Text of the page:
227). . Christianity Reborn: The Global Expansion of Evangelicalism in the Twentieth Century (Grand Rapids: Eerdmans. affirming that Bebbington’s arguments for it are ‘persuasive’ (pp. its definition of evangelicalism was clearly recognizable as a watered-down version of the quadrilateral. Sam Reimer. G. . Rawlyk. R. and the atoning death of Christ upon the cross. activism. 1846–1886 (Oxford: Clarendon. to personal religious conversion. Hoppen does. p. indeed the famous Bebbington Quadrilateral has become the most quoted sentence in the whole literature and was for long virtually the only beacon the suffering student had to distinguish men walking like trees in the gloom (Mark 8:24). 43. 2005). K. 2003). to the Bible’s authority and to the spreading of the Gospel’. . ‘Evangelical Identity in the Eighteenth Century’. Lewis (ed. has even done research that empirically verifies the validity of the quadrilateral.).45 Indeed.’46 When Time magazine did its cover story on ‘The 25 Most Influential Evangelicals in America’ in 2005. the Canadian sociologist Sam Reimer. Rawlyk uses the quadrilateral.’48 Bebbington’s four pillars of evangelicalism have no rival anywhere near as influential or popular and are unlikely to be replaced by an alternative structure any time soon. ‘Stressing conversion. Ward. in Donald M. however. p. The Mid-Victorian Generation. Is Jesus Your Personal Saviour? In Search of Canadian Evangelicalism in the 1990s (Montreal: McGill-Queen’s University Press. Evangelicals . as if it is not one scholar’s opinion but simply the truth we all know. K. . p. 11. David Van Biema. . having cleared all that ground (questions of chronological scope and definition were in fact merely necessary preliminaries). for example. simply slipped it in without a citation. Theodore Hoppen. W.the reception given e va n g e l i c a l i s m i n m o d e r n b r i ta i n  ­ David Bebbington. cite Bebbington’s Evangelicalism in Modern Britain at another point on the same page. Bebbington’s definition is now receiving the ultimate compliment of being cited without acknowledgment. 436. Theodore Hoppen. we can get on . Now. p. Evangelicals and the Continental Divide: The Conservative Protestant Subculture in Canada and the United States (Montreal: McGill-Queen’s University Press.47In one of the more interesting interactions with Bebbington’s book. . the Bible. 34: ‘[I]ts members share basic commitments: to the divinity and saving power of Jesus. Time (7 Feb. 2004). following a lead set by historian George Rawlyk. Reimer discovered that ‘These four components are emphatically upheld in nearly all the interviews. 9. 1998). 1996). Having done 118 interviews in ‘the evangelical subculture’. A. in his 1998 volume in the influential New Oxford History of England series.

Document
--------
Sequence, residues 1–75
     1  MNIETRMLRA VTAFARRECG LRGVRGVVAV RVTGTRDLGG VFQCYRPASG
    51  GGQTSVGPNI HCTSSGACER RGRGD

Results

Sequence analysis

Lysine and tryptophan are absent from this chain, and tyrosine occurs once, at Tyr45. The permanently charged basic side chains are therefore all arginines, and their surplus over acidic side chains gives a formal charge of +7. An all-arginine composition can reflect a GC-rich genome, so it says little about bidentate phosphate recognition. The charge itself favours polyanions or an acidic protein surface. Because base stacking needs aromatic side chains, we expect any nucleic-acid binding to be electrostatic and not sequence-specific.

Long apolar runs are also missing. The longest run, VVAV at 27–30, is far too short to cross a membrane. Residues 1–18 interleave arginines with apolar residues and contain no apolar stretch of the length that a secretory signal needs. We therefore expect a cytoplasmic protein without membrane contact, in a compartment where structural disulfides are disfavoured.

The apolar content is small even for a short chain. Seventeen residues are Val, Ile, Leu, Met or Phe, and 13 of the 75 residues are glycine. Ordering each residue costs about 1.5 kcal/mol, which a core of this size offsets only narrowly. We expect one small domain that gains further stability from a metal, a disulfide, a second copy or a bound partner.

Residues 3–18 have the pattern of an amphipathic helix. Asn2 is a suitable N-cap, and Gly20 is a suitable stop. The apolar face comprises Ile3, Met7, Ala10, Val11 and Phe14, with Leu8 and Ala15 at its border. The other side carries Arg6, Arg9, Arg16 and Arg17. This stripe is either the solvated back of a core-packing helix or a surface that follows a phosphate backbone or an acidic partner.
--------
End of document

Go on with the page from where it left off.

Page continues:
namely offering an ambitious attempt to connect the history of evangelicalism to broader currents in intellectual and cultural history in British society as a whole.’50 Yet just as when they experience Hollywood films. that the apostle Paul was just Billy Graham with a Greek accent’. the review in as conservative a venue as Dallas Theological Seminary’s Bibliotheca sacra was an entirely favourable one. would find these claims regarding change over time due to wider cultural forces unsettling. . p. and perceptions. for example. . with their submission to contemporary trendiness. He argued that British evangelicalism had been shaped. 62–64. ‘Evangelical Varieties’. Grant Wacker. with the author.’51 Unease can be found occasionally. . ‘That is dynamite for Evangelicals who have been accustomed to thank God that they are not as the Catholics. For example. it seems much easier to find evangelicals who assume that other evangelicals will be offended than to find ones that feel personally affronted. is a modern form of Christianity with its own contextualized forms. 256. ‘Bebbington’s thesis that evangelicalism. pp.–June 1994). Edwards. Many reviewers thought that some of Bebbington’s evangelical readers. as many evangelicals do.­  t h e a d v e n t o f e va n g e l i c a l i s m to what Bebbington was actually doing in Evangelicalism in Modern Britain.602 (Apr. but his imaginings of concerns that evangelicals might have seemed to be a refracted way of expressing some of his own reactions: To many this will come as a surprise as evangelicals normally blame the Enlightenment (somewhat justifiably) for the kind of rationalism that. or (even worse) the liberals. Hannah. 6.49 The liberal churchman David L. declaring unapologetically. ‘A British Panorama’. with their takeover of pagan ceremonies. . Grant Wacker. step by step. p. ‘especially if one believes. is insightful. 1990). John D. despite its self-perception of antiquity. Romanticism (as exemplified in the Keswick Convention and the nineteenth-century Holiness movement) and modernism (as exemplified in Frank Buchman and the Oxford Group and then the charismatic movement). He apparently was persuaded by Bebbington’s arguments in some measure. indicated that Bebbington’s thesis might come as a shock. Bibliotheca sacra 151. Edwards noted gleefully. however. Many of his conclusions will . squeezes God out of humanity’s view of the world. Christianity Today 34 (5 Feb. David Gillet reviewed the book as a self-declared evangelical for the Church of England Newspaper. consecutively. John D. by the Enlightenment (as exemplified in John Wesley and the first generation of evangelicals). . thinking of their movement as one that handed down doctrines unaltered from generation to generation. Hannah. values. .